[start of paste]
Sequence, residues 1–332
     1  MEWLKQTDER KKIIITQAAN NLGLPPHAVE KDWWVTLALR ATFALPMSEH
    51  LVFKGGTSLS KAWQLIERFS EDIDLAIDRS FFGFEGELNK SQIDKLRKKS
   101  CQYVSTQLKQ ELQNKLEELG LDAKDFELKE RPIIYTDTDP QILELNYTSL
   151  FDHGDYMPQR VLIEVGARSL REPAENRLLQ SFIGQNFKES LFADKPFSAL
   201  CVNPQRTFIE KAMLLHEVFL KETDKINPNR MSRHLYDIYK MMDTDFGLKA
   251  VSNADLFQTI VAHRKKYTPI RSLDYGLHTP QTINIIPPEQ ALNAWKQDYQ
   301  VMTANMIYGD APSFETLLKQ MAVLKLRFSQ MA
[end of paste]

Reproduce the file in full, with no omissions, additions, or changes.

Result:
Sequence, residues 1–332
     1  MEWLKQTDER KKIIITQAAN NLGLPPHAVE KDWWVTLALR ATFALPMSEH
    51  LVFKGGTSLS KAWQLIERFS EDIDLAIDRS FFGFEGELNK SQIDKLRKKS
   101  CQYVSTQLKQ ELQNKLEELG LDAKDFELKE RPIIYTDTDP QILELNYTSL
   151  FDHGDYMPQR VLIEVGARSL REPAENRLLQ SFIGQNFKES LFADKPFSAL
   201  CVNPQRTFIE KAMLLHEVFL KETDKINPNR MSRHLYDIYK MMDTDFGLKA
   251  VSNADLFQTI VAHRKKYTPI RSLDYGLHTP QTINIIPPEQ ALNAWKQDYQ
   301  VMTANMIYGD APSFETLLKQ MAVLKLRFSQ MA